Retrievable at http://www. In assessing the learners’ responses. The learner’s responses: Successful. unnoticed morphological domains meant the learner responded inaccurately and made no modification to the original presentation. and one of word order). I counted the number of changes made in the recast. progressive -ing. For example.
this translated into 207 recasts for Learner 1. and indicates the value assigned to each coding category. across all sessions.
The Relation between the Number of Changes in the Recasts and Learner Noticing
Given that the present study focuses on the effects that (a) the number of changes made in the recasts and (b) the linguistic domains in which the changes were made had on learners’ noticing. Learner 1 received 90 recasts that entailed only one change of form and 117 recasts that contained multiple changes in morphology and/or syntax. Table 2 shows that
Retrievable at http://www. 7. however. Learner 2 received a comparatively smaller number of recasts: 32 simple ones and 56 complex ones. regardless of the number of changes that the recasts contained. and 88 recasts for Learner 2. It is apparent that both learners were presented more frequently with recasts containing multiple changes.edu/tesolalwebjournal
. that since Learner 1 received more consistent recasts of his ill-formed utterances. 1 Beginning ESL Learners’ Noticing of Morphological and Syntactic Changes in Recasts
A cashier name is John.Teachers College. This system made it possible to determine which characteristics of recasts best predict the dependent variables of noticing and of successful uptake. the following analysis focuses mainly on the data from Learner 1. Columbia University Working Papers in TESOL & Applied Linguistics. I deemed it essential to include the data presented in Tables 2 and 3. although only instance of morphological and syntactical errors were included in the present study. (Episode #154) Unnoticed morphology/ noticed syntax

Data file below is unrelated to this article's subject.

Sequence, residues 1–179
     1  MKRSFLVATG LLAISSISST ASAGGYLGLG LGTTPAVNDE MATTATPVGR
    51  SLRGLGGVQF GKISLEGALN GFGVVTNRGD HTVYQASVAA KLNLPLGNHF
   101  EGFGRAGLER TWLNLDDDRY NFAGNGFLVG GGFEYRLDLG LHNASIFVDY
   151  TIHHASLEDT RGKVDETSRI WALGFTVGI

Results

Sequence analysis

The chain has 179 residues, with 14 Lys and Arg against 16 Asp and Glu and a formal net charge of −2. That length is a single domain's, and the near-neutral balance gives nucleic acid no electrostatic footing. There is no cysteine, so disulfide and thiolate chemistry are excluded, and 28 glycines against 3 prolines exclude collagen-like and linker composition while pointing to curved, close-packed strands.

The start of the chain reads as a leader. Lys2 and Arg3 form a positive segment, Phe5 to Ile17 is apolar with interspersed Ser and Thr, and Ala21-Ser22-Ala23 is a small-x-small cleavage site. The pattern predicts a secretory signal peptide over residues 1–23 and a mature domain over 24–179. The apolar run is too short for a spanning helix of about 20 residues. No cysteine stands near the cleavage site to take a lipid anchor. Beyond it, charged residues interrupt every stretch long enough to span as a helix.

I employed a coding scheme for each recast episode that assigned a particular value to each coding category.columbia. Overall. the two learners received a total of 295 recasts of their syntactic and morphological errors. It is important to note. 2007. and that more recasts were produced in the syntactic domain. No.tc. Vol. Table 1 details the coding scheme for the dependent and independent variables. As illustrated in Table 2. TABLE 1 Coding Scheme of the Dependent and Independent Variables Value Variables Linguistic Domain: Morphology Linguistic Domain: Syntax Type of Recasts Learner Response to Recast 0 Noticed Noticed Simple Successful Response 1 Unnoticed Unnoticed Complex Unsuccessful Response
The types of recasts provided depended entirely on the production of non-target-like forms by each learner. and since the analysis of data drawn from Learner 2 showed a result similar to that deduced from the data of Learner 1.
N = Total number of recasts in each category
These data demonstrate that learners responded to recasts containing two or more changes much less successfully than to those containing only a single change. S = Number of syntactic changes made in a complex recast.edu/tesolalwebjournal
. 87% of simple recasts led to successful learner responses. whereas only 64% of complex recasts did so.tc.Teachers College.623. M = Number of morphological changes included in a complex recast.columbia. N = Total number of recasts provided to each learner. p = 0. This would seem to indicate that the more a recast differs from the original utterance. No.
Retrievable at http://www. TABLE 2 Recasts Provided to the Learners Simple Recasts With a Morphological Change (N) Learner 1 Learner 2 22 9 With a Syntactical Change (N) 68 23 Complex Recasts With Morphological and/or Syntactical Changes (N) 117 (57M+208S) 56 (22M+77S)
Note. 1 Beginning ESL Learners’ Noticing of Morphological and Syntactic Changes in Recasts
90 out of the 207 recasts of Learner 1’s utterances contained only one correction of a morphological or syntactic error. 2007.01). Columbia University Working Papers in TESOL & Applied Linguistics. 7. the more likely the learner is to fail to notice all its features. Table 3 reveals a significant difference in the success rates of response to recasts having only one change and to recasts having two or more changes (r = . One can also see very few instances of No Response: only 4 out of 207. As shown in Figure 1.
TABLE 3 Number of Changes Contained in Recasts and their Impact on Learner Noticing Number of Changes Simple (N = 90) Complex (N = 117) Successful Response 87% 64% Unsuccessful Response 12% 34% No Response 1% 2%
. No. p = .
The Relation between Learner Noticing and the Linguistic Domains in Recasts